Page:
SEARCH WITHIN CONTENT
Citation Information : International Journal of Orientation & Mobility. Volume 5, Issue 1, Pages 8-10, DOI: https://doi.org/10.21307/ijom-2012-002
License : (CC-BY-NC-ND-4.0)
Published Online: 16-April-2018
The World Blind Union (WBU) believes that lack of proper mobility training, access to the built environment, and inaccessible transportation pose some of the most significant obstacles to persons who are blind and partially sighted in accessing community services, education and employment, and participating fully in their communities.
This paper addresses the challenges of accessibility experienced by WBU members, outlines some of the initiatives the WBU is undertaking to overcome these and suggests ways the O&M sector could work with the WBU.
Here are some important facts about blindness:
The World Health Organisation estimates there are 285 million persons who are blind or partially sighted worldwide
Of these, 39 million are totally blind
Close to 90% of these persons live in developing countries ·
Less than 10% of children who are blind living in developing countries receive any form of education
Unemployment of persons who are blind or partially sighted is around 90% in developing countries and around 70% in the most developed world
Between 95 – 99% of published books are never produced in a format which can be read by people who are blind or partially sighted.
The challenges of accessibility fall into three areas: (i) accessing the built environment (ii) using transportation and (iii) access to mobility training.
The built environment includes the issues of silent vehicles, shared spaces, way finding, and suitable pedestrian infrastructure such as footpaths and accessible pedestrian signals.
The issue of silent cars has resulted in a great deal of advocacy over recent years. The UN WP-29 (World Forum for Harmonization of Vehicle Regulations) is working on developing a Global Technical Regulation (GTR) to establish a minimum sound standard for electric and hybrid electric vehicles. They have established a working group known as the Quiet Road Transport Vehicle (QRTV) to which WBU has a representative.
The trend towards shared spaces is being rolled out in many parts of the world. The WBU shares the concerns of many about the safety and loss of independent mobility that these shared space environments pose.
In many parts of the world where our members live, transportation of any kind often does not exist or is not safe to use. Moreover, the lack of consistent footpaths makes using public transportation very challenging. Where public transportation does exist, a problem often encountered by our members relates to location of entry points, information about payment, services, timetables, wayfinding within transportation terminals, and the huge issue of safety.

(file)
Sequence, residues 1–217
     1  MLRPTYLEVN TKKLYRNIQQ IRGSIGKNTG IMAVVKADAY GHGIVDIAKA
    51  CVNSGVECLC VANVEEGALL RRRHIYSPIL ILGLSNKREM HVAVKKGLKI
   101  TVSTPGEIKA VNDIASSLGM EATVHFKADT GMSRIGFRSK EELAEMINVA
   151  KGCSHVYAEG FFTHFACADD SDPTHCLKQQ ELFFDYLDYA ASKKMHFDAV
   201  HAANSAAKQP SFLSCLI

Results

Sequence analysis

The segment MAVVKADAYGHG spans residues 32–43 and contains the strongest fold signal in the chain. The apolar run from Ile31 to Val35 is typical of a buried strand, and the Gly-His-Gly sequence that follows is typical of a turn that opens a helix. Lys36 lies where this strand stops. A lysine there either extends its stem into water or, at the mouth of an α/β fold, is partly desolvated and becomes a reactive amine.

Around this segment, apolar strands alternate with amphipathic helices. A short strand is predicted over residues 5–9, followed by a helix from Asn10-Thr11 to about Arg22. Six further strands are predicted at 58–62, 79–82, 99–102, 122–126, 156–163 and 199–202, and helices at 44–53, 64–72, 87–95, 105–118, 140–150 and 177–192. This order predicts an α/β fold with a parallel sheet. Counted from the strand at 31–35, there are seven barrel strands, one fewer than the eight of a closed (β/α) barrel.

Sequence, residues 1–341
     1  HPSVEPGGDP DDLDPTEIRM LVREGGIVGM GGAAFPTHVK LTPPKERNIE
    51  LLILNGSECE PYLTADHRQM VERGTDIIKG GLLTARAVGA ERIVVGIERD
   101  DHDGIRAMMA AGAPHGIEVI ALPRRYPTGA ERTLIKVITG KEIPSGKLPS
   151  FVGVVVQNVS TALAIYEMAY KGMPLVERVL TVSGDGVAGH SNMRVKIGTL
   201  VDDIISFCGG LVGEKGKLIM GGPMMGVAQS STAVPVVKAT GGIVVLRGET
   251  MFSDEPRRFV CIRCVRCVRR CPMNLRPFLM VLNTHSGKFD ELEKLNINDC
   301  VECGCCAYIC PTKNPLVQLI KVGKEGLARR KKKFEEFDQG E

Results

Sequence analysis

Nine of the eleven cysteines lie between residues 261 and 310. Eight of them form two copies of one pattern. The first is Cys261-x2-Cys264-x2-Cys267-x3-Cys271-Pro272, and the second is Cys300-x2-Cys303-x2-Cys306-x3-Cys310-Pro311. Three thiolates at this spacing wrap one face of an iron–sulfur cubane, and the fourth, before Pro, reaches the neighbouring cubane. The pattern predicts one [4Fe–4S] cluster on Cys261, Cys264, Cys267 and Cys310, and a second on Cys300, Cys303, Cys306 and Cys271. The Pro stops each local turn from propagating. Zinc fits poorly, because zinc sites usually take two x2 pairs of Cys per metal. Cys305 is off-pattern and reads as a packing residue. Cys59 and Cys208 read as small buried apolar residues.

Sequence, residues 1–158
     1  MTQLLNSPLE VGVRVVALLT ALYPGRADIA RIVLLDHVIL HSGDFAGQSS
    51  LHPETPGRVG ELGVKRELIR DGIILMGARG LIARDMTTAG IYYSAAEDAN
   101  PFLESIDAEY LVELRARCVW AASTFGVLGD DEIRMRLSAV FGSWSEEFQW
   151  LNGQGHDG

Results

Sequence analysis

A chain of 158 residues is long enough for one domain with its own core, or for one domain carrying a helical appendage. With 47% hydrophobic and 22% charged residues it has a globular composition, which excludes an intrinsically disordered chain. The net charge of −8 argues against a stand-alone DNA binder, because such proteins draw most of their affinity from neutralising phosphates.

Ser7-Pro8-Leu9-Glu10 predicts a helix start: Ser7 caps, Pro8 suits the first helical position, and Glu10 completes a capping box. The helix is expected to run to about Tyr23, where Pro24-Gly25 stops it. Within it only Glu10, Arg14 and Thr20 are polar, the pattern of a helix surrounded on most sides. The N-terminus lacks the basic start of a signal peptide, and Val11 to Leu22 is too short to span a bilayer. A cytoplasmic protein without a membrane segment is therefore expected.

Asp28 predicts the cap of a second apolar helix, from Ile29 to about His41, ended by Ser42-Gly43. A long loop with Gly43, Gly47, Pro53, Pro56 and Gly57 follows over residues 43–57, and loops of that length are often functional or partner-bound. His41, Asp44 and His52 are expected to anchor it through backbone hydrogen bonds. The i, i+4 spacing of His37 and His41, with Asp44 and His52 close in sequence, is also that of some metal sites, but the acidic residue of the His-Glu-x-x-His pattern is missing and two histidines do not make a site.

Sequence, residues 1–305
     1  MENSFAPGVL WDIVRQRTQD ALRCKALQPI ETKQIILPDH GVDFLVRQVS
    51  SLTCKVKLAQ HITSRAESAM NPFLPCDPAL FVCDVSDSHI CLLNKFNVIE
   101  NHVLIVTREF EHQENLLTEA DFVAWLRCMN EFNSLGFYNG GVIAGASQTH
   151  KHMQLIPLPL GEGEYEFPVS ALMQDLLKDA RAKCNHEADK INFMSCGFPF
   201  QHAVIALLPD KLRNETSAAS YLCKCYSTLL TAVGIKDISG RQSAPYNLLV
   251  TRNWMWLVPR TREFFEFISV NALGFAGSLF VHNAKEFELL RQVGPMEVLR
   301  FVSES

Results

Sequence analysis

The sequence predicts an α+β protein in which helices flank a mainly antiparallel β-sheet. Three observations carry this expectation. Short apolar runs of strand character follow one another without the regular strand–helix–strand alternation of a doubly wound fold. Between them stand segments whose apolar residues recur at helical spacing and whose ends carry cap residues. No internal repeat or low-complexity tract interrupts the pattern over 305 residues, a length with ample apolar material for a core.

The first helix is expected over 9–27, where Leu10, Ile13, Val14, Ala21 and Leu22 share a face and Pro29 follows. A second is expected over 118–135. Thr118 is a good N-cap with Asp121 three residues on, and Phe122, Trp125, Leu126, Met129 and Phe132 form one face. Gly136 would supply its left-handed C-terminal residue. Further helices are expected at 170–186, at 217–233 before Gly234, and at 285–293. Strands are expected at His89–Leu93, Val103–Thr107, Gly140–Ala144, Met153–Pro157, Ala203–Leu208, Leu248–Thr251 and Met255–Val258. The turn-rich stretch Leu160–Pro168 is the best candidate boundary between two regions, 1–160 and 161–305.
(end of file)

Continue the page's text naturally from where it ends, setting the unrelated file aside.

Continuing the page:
All forms of transportation are affected by the issue of use of dog guides. Even in the most developed world where there is legislation permitting access, this legislation is inconsistent, imposing barriers for travel from one country to another. In addition, users of dog guides continue to fight battles that arise from being denied entry to venues and/or taxi services.
Access to mobility training services is a major issue for our members in all parts of the world. The Convention on the Rights of Persons with Disabilities (CRPD) which came into force in 2006 is one of the greatest tools we have which can make a real difference to accessibility. There are two articles of particular relevance - Article 9: Accessibility, and Article 20: Personal Mobility.
The WBU has developed a Toolkit to assist our members to advocate with their governments to sign, ratify, implement, and monitor the CRPD. Access to information plays a key role in accessing the built environment, transport, and access to appropriate services. The WBU is working to achieve a treaty which would allow the sharing of information produced in alternate formats, under exceptions to national copyright law, be shared with persons who are blind in other countries.
Our technology working group has as one of its priorities the promotion of affordable mobile devices. A great deal of work is happening with manufacturers to ensure that their products are accessible ‘off the shelf’. There are Apps. for wayfinding that are accessible in addition to the devices developed specifically for persons who are blind. Of course, access to resources to purchase such devices and obtain the training in how to use these is something we need to address.
Suggested areas where the WBU and the O&M sector could work together include:
Research, bringing together the perspective of persons who are blind and those providing services
Problem-solving the ways to bring more mobility training services to those who currently have no or very limited services
Harnessing the technological advances to ensure their accessibility and providing appropriate training in their use
Promoting accessibility of mainstream devices at the design stage.